Photography first came to India in the mid-19th century, when British administrators brought their cameras to the country to document the landscape, historical monuments and people. As early as the 1850s, photographic societies were formed in three presidencies: Bombay, Madras and Calcutta. The art form also emerged in the richest cities and courts. “Here, Hyderabad had a double advantage,” says historian and curator Deepthi Sasidharan.
The Asaf Jahi dynasty and its Nizams, their etiquette and famed jewels – and their photographs — were the subject of a recent lecture by Sasidharan. Apart from historical texts and exhibits in museums, one can learn about the opulence of their courts and the fashion of the time through the photographs taken of this family. “Royal portraits were important, they were considered aspirational must-haves, and symbolic gifts too,” Deepthi says.
Since the advent of photography, it was regular for wealthy royal families to get pictures made, she notes. Photographs had a changing role in the palace. Once members of royalty realised they could capture an ancestor’s likeness through photographs, they put them to many uses. “The first foray was typically one of curiosity, because the camera was a fabulous invention. It marked a sudden shift from painting… The faces of royalty appeared on dinner sets, they were on jewelry, on watches. They were also embroidered onto clothes,” Deepthi says. In Hyderabad, pictures were enlarged onto large canvases and displayed in palaces.
The photos of the Nizams were taken using typical box cameras, where exposure times were as long as one minute. The result is that the subjects had to pose in a manner that was stiff and still, says Deepthi, who is the co-author of the book Treasures of the Deccan: Jewels of the Nizams. “The photographers were largely Indian… Kings would also be photographed by foreign photographers who accompanied dignitaries. There was Raja Deendayal, Vernon and Co, and a variety of other photography firms,” she says.
The Nizam was considered the premier princely ruler by the British and was regularly visited by officials from other countries. One photograph depicts the sixth Nizam Mir Mahbub Ali Khan sitting with the Grand Dukes of Russia after a cheetah hunt, another taken in 1892 features Prince Damrong Rajanubhab of Thailand after a shikar. Yet another captures the Duke and Duchess of Connaught admiring the sixth Nizam’s jewels, which were put out on display. “Getting a picture made when dignitaries visited one’s court became a convention,” Deepthi explains.
The historian, who has worked extensively on the Chowmahalla Palace Restoration Project, says that for formal photographs, such as coronation portraits, the Nizam and his family would dress up wearing all the elements of their royal dress.
The collection of photographs taken of the Nizams include a number of family portraits. In one photograph of the seventh Nizam Mir Osman Ali Khan, he is pictured with his five principal wives and children. Many of these photographs do not strictly follow convention, especially the ones that feature children. “There is a photograph of a young prince and his sister, captured when she just broke into tears. The brother looked completely zapped at his sister’s expression. There also exist less formal photographs where the royals aren’t wearing jewels, where they’re horse-riding. You see softer aspects of their behaviour – a certain playfulness. Pictures of children pulling their father’s coats, tugging at their hair…,” she explains.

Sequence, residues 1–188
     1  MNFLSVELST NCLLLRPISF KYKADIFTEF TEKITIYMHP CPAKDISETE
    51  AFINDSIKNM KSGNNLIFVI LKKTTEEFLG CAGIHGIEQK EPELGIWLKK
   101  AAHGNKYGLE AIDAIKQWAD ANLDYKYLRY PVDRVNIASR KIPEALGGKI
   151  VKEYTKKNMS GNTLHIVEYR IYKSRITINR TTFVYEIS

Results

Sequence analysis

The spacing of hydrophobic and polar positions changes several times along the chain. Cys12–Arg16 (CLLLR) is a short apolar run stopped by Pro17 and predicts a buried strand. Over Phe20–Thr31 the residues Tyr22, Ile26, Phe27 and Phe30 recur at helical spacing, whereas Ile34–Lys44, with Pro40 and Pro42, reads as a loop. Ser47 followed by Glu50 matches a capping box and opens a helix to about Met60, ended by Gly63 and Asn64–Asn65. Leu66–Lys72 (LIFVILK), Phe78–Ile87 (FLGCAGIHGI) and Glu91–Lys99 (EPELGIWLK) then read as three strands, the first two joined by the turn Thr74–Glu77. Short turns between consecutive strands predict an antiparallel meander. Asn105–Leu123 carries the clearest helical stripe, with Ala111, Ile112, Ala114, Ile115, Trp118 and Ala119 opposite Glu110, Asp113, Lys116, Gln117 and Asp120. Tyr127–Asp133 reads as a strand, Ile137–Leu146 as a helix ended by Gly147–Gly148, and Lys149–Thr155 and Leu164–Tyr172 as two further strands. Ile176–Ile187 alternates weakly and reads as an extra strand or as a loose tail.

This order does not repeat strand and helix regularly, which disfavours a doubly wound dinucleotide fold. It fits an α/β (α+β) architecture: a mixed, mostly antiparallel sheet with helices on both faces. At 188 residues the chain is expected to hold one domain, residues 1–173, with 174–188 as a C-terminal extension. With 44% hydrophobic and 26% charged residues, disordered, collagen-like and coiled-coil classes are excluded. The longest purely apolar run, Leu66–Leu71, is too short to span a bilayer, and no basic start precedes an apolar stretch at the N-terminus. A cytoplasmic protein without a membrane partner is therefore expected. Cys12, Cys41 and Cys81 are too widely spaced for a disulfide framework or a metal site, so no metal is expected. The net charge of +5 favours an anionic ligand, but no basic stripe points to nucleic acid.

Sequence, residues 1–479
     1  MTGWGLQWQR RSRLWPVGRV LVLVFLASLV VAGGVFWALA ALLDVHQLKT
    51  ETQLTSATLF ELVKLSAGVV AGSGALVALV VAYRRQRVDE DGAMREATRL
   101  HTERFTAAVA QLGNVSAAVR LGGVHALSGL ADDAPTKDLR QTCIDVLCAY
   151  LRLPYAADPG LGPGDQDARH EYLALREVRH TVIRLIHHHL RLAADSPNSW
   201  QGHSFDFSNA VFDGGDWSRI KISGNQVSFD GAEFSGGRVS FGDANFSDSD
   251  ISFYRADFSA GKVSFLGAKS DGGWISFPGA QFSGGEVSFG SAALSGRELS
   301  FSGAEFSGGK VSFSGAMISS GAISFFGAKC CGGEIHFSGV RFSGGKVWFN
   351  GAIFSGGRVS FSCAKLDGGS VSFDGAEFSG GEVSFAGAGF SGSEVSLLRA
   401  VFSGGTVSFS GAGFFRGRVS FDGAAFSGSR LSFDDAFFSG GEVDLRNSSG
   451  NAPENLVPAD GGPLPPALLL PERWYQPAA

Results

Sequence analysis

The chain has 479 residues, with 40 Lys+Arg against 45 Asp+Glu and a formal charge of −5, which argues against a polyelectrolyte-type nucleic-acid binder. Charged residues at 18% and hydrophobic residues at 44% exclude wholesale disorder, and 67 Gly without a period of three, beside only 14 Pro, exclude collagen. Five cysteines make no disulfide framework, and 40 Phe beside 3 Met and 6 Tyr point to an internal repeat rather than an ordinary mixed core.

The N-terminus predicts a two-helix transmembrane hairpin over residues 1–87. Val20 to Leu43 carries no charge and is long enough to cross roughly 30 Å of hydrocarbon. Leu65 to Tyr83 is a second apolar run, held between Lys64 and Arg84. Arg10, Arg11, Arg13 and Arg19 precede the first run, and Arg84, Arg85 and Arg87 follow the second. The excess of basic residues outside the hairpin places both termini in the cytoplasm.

Often, original photographs were modified for use in future contexts, because of the paucity of pictures. In one instance, a Nizam’s photograph taken in childhood was altered when he grew older; the design of his sword underwent a change, the clothes were modified to reflect a change in fashion, and the Char Minar was painted in the background. “This addition of the Char Minar was significant – it showed that a Sunni emperor was embracing Shia culture,” Deepthi notes.
The photographs of this royal family are a record of their sartorial choices. “The traditional costume of the women was a loose kurti and trousers, with a ‘khada dupatta’ – a five metre-long cloth with an identical border on both sides,” she explains. Banarsi brocade and muslin were among the fabrics worn. In one photograph of Lady Jahandar-un-nisa, one observes the kind of costume that the famed 18th-century Hyderabadi courtesan Mah Laqa Bai wore, indicating how long styles and couture traditions endured in the city.
Also read on Firstpost: Jewels of Hyderabad's Nizams documented in new book, Treasures of the Deccan
Photographs like the ones in this collection are vital visual history and help fill gaps in existing scholarship, says Deepthi, if one has the patience to look at them and glean the information they present. For example, they allow us to learn the sequence in which Hyderabadi royalty wore the several jewels they owned. This is crucial, if you consider the sheer number of jewelry pieces that existed: The women wore seven types of earrings and more than two necklaces. “Early photographic processes produced images that were sometimes so clear that one can notice all the details in present times... These pictures complete the circle of vocabulary used by jewelers, and pieces in the collection,” she says.
Deepthi Sasidharan delivered a lecture titled 'Hyderabad of the Nizams: Visual splendour through 19th century photographs' at the Dr. Bhau Daji Lad Mumbai City Museum, Mumbai
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Updated Date: May 13, 2019 08:36:27 IST